Prince albums tend to come in one variety, a self-indulgent concept that produces some stand-out singles, although the balance between self-indulgence (“Purple Rain”) and greatness (“Sign O the Times”) isn’t always achieved. Lyrics were never his strong point but the quality of the music is. Even a weak Prince track is still very listenable and comparable in quality to a lot of chart singles.
Like “Planet Earth” was previously, “20TEN” is released as a freebie with certain newspapers. Prince has expressed a desire to find new ways of distributing his music and has banned You Tube and iTunes from using any of his tracks. His explanation: “I don’t see why I should give my new music to iTunes or anyone else. They won’t pay me an advance for it and then they get angry when they can’t get it.”
“20TEN” is back to basics sexy, soul funk. On first listen “Sticky Like Glue” qualifies as single material but “Compassion”, “Future Soul Song” and “Lavaux” quickly grow on you. In anyone else’s hands “Everybody Love Me” would have been very uncomfortable listening, but Prince is inclusive, “Tonight there’ something in the air/ music of celebration drowning out despair” and later, “ain’t nothing to it but to do it” and it’s a great ending anthem for a live show.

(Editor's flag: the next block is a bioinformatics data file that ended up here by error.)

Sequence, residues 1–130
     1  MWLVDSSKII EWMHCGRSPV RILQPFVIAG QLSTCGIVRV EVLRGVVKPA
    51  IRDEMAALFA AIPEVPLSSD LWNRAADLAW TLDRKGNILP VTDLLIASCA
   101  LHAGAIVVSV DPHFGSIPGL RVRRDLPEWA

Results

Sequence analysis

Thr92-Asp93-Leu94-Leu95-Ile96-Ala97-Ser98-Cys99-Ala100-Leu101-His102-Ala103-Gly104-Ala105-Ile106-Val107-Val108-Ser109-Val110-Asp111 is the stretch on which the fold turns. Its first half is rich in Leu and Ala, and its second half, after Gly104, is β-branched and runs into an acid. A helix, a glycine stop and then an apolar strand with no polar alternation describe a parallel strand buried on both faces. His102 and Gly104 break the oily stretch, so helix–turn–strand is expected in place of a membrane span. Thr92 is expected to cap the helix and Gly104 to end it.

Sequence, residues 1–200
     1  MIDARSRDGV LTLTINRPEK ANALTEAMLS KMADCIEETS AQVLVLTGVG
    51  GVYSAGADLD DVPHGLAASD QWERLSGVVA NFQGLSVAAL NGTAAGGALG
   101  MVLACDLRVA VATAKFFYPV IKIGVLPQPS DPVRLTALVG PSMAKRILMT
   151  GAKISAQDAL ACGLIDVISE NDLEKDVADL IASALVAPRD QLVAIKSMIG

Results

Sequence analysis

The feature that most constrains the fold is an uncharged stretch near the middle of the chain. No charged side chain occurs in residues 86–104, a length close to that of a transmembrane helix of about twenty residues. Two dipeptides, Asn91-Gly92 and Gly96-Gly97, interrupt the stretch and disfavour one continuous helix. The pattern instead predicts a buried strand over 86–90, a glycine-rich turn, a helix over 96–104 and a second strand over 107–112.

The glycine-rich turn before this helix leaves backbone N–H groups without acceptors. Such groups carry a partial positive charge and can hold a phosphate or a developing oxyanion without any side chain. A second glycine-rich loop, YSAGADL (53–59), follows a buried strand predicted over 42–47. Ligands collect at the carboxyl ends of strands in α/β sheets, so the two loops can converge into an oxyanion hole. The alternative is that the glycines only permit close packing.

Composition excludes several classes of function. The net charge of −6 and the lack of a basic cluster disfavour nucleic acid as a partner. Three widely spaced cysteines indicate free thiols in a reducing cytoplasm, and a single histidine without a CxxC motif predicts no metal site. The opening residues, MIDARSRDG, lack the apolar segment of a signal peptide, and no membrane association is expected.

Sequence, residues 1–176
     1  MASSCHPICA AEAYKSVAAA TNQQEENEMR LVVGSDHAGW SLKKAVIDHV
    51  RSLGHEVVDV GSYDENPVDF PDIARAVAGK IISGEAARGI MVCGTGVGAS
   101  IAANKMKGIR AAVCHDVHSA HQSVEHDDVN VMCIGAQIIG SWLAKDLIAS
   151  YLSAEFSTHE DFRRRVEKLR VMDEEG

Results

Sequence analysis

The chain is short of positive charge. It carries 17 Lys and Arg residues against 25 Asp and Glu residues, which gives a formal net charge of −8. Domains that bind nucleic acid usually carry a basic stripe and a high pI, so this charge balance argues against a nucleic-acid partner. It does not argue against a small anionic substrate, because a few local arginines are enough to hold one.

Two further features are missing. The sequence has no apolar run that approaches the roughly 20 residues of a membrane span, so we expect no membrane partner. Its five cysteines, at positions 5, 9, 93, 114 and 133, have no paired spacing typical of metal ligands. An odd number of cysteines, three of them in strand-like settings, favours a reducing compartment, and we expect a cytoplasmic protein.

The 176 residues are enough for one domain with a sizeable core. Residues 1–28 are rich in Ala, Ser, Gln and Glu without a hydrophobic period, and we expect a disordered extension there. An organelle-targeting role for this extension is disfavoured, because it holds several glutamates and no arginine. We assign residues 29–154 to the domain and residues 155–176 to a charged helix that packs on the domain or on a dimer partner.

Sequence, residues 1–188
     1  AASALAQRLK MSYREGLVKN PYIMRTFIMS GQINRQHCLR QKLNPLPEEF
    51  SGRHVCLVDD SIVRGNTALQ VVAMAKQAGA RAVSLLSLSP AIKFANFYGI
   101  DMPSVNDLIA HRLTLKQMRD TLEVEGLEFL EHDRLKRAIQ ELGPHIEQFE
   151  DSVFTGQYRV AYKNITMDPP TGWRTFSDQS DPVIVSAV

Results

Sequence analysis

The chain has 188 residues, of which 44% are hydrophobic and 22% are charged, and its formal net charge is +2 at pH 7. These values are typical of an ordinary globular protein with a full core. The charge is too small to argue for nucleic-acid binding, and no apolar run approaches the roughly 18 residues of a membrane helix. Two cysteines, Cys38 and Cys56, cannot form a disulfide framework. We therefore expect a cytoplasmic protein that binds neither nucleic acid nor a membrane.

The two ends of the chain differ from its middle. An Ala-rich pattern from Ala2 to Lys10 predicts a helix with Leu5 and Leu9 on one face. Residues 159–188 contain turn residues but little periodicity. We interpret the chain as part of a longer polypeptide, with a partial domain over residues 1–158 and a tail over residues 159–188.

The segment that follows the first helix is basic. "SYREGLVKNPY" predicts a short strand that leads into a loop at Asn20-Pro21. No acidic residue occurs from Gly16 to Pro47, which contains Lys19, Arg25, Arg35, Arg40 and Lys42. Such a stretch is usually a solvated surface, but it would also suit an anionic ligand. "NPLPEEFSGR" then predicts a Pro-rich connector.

“Act of God” is the political song here and the point “Freedom isn’t free” underlines problems with bankers, the response to Hurricane Katrina and the problems with corporate America. It’s a point he repeats in “Lavaux”, “The cost of freedom isn’t free.”
“20TEN” is classic Prince, but not a classic.